An Italian homecoming
It could hardly have escaped readers' notice that I've made a conscious effort over the past month to "recalibrate my palate" for Australian wines, forcing on myself an almost constant diet of Antipodean reds and whites.
I seriously recommend this process to anyone planning wine travel, particularly if your usual vinous preferences favor wine in a different style than is in fashion at your destination.
Getting your taste buds tuned for the wines you'll be enjoying makes simple sense; and that went double in my case, since I was to be sitting as a judge in wine competition and really needed to be up to speed, and receptive, to the kind of wines that would be on the judging table. When I encountered a flight of 46 full-bodied Shirazes, most of them Australian, I was truly grateful that I had taken the time to accustom myself to wines like this before I arrived.
But now I'm back home, and it didn't take long to pull the cork from some Old World favorites ... just to make sure that I hadn't lost my taste for European wines during my stay Down Under!
I needn't have worried. A Southern Italian favorite, Taurino 1997 "Notarpanaro" Salento Rosso (which is the big brother of the popular and good value Taurino Salice Salentino) was just as good as I remembered, or maybe even a little better. A "riserva" type wine (although that term is not used on the label), this hearty red from Puglia spends three years in oak and three more years aging in bottle at the winery before it is released. When I last tasted it nearly a year ago, I noted that it needed a bit of time in the bottle to come together. That's happening now, and this vintage should make good drinking over the winter.
Here's my tasting report, along with notes on a couple of fine Italian reds currently featured by the California Wine Club in its new International Selections program.
Taurino 1997 "Notarpanaro" Salento Rosso ($14.99)
Inky dark ruby color, almost opaque. An exotic mix of dark fruit and spice - plums, anise, hints of tarragon and brown spices - in a warm and approachable aroma. Full and ripe, black-fruit and anise flavors follow the nose; lemony acidity and smooth, barely apparent tannins segue into subtle licorice in a long finish. U.S. importer: Winebow Inc., NYC; a Leonardo Locascio Selection. (Oct. 16, 2003)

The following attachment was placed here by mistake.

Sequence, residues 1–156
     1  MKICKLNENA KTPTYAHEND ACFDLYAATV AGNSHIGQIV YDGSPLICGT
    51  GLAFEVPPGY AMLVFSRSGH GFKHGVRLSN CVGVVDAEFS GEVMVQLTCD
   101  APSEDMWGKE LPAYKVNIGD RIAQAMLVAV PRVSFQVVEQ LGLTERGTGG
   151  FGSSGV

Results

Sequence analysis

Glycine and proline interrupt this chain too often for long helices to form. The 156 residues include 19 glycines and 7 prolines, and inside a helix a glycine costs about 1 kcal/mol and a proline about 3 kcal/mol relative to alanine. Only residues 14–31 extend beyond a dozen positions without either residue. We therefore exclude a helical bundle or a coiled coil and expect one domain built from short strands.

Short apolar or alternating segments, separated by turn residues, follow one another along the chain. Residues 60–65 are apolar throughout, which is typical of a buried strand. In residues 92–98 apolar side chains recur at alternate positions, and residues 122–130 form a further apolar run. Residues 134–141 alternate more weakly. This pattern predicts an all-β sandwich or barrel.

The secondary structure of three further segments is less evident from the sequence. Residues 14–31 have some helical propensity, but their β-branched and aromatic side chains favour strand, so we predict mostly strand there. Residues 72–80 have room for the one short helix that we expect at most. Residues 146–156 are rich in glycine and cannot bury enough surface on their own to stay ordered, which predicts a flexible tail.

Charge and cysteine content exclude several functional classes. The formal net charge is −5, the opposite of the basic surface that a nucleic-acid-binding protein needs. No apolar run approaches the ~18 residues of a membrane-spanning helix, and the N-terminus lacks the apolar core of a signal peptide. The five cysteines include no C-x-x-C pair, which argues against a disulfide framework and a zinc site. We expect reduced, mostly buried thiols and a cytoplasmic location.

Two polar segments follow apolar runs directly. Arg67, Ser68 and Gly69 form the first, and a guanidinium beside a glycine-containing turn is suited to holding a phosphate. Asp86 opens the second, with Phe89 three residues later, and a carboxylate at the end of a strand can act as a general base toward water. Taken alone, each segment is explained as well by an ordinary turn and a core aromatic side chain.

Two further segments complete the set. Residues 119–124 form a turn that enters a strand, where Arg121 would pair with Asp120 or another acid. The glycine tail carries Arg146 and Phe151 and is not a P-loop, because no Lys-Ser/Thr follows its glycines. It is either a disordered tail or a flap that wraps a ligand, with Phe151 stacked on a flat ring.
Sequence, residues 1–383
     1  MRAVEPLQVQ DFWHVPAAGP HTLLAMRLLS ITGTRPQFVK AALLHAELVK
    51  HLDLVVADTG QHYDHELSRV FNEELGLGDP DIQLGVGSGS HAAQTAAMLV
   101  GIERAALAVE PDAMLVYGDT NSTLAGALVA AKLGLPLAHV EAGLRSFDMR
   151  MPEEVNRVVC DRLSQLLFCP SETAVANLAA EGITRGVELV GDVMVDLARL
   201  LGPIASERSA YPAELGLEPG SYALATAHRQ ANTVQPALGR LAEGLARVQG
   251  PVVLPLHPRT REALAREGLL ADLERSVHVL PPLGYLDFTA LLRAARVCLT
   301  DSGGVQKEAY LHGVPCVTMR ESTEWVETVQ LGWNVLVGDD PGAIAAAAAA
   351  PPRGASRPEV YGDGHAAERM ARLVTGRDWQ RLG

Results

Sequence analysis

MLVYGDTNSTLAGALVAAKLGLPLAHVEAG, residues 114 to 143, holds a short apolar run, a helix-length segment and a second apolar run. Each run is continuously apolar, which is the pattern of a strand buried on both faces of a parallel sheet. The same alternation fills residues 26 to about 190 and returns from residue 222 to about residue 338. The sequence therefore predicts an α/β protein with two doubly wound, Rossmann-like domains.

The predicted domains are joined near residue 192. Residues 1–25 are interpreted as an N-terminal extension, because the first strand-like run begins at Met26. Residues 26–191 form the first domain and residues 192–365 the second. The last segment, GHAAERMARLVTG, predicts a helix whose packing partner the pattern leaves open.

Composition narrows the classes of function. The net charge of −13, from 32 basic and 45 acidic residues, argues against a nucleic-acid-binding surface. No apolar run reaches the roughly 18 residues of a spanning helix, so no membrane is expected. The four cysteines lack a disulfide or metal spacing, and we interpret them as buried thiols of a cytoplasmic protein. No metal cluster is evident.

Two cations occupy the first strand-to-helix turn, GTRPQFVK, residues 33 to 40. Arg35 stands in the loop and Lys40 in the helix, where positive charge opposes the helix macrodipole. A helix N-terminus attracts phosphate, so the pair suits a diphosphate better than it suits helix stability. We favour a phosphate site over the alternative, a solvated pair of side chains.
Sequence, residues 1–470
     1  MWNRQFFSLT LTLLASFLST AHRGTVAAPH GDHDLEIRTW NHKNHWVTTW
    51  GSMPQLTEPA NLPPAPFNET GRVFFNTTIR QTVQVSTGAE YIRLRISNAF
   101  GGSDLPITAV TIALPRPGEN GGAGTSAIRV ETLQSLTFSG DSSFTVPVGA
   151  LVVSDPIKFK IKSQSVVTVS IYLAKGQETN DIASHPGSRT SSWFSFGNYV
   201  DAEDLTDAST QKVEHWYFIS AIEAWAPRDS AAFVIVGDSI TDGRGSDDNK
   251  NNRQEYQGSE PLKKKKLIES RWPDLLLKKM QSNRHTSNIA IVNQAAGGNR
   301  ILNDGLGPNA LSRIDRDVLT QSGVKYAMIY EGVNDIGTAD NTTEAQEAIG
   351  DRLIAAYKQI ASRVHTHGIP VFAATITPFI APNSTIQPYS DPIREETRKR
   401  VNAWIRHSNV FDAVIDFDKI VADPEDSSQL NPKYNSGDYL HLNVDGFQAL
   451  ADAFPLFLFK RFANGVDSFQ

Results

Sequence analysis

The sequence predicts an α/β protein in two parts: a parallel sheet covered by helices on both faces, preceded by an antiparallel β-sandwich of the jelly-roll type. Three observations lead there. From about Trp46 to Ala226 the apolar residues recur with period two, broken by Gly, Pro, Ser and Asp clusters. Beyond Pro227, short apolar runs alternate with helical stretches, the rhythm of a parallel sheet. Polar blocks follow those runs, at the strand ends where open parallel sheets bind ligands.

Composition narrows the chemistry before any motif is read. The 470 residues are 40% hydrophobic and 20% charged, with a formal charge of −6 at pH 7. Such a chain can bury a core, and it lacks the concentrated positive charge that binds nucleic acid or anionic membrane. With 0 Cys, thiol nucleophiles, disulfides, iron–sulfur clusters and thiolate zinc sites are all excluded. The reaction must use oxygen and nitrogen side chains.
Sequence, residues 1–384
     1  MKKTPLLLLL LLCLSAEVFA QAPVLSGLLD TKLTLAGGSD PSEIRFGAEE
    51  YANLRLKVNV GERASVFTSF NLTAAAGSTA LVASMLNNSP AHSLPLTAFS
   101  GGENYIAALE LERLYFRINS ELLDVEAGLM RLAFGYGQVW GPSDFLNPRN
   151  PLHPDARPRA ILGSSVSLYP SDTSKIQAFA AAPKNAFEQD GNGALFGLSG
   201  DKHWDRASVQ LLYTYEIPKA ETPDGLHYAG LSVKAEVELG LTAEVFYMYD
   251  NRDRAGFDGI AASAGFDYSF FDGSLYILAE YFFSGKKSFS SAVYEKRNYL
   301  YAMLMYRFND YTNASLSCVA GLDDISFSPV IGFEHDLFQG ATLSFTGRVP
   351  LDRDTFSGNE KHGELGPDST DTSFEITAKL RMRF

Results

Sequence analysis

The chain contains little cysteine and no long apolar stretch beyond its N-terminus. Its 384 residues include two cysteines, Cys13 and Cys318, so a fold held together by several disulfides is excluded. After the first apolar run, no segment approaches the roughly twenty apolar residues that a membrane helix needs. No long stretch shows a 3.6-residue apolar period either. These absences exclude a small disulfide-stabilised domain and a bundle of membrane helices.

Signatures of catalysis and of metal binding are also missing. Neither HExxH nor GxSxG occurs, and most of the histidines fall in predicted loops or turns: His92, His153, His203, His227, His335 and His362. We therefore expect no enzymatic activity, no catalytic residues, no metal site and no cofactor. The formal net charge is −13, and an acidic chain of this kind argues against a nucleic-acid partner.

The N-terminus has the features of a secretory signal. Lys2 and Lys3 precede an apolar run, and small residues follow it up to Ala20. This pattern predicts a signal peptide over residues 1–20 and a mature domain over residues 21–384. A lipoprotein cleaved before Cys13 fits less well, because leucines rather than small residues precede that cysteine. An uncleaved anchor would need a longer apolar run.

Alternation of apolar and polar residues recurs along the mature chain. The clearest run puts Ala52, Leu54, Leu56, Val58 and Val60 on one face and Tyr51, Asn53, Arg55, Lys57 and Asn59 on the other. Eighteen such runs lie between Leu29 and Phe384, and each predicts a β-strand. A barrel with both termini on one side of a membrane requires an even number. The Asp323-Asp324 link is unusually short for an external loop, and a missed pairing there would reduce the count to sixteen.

FOOD MATCH: A red-meat wine, it would be fine with beef or game; I brought pork loin up to meet it by braising bite-size chunks of meat with onions, a little beef broth and tomato paste.
VALUE: Good value at this mid-teens price; wines of similar quality from more sought-after regions would go for substantially more.
WHEN TO DRINK: Drinkable now, but this is a wine with potential to evolve and gain flavor interest with careful cellar time.
WEB LINK: The U.S. importer has fact sheets and extensive information about Notarpanaro at
Two Italian reds from
California Wine Club's International Selections
Angelo Rocca 2000 "Mitico" Salento Rosso
Reddish glints show in the glass when this dark-ruby wine is held against the light. Plums and dried-cherry notes fill the appetizing aroma. It's ripe and fruit-forward on the palate, mingling plums, prunes and raisins with a hint of anise in a flavor profile that's juicy and slightly sweet, a warm and easy-to-sip red from sunny Southern Italy.
Dioniso 1998 Chianti Riserva
Dark reddish-purple in color, this fine Tuscan red offers pleasantly "rustic" black-fruit aromas lent complexity by appealing earthy nuances. Bright fruit and snappy acidity are balanced in the flavor. It's a straightforward Chianti in the old-fashioned Old World style, made to enjoy with food, and that's the way I like it.
Both wines made a fine food match with a simple pasta dish of penne with Italian sausages in a fresh tomato sauce. They're imported to the U.S. exclusively for California Wine Club's International Selections. For purchase and ordering information, call The California Wine Club at 1-800-777-4443 or e-mail them at email@example.com. Mention The 30 Second Wine Advisor and they'll add a free bottle of your favorite California varietal to your order!
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Friday, Oct. 17, 2003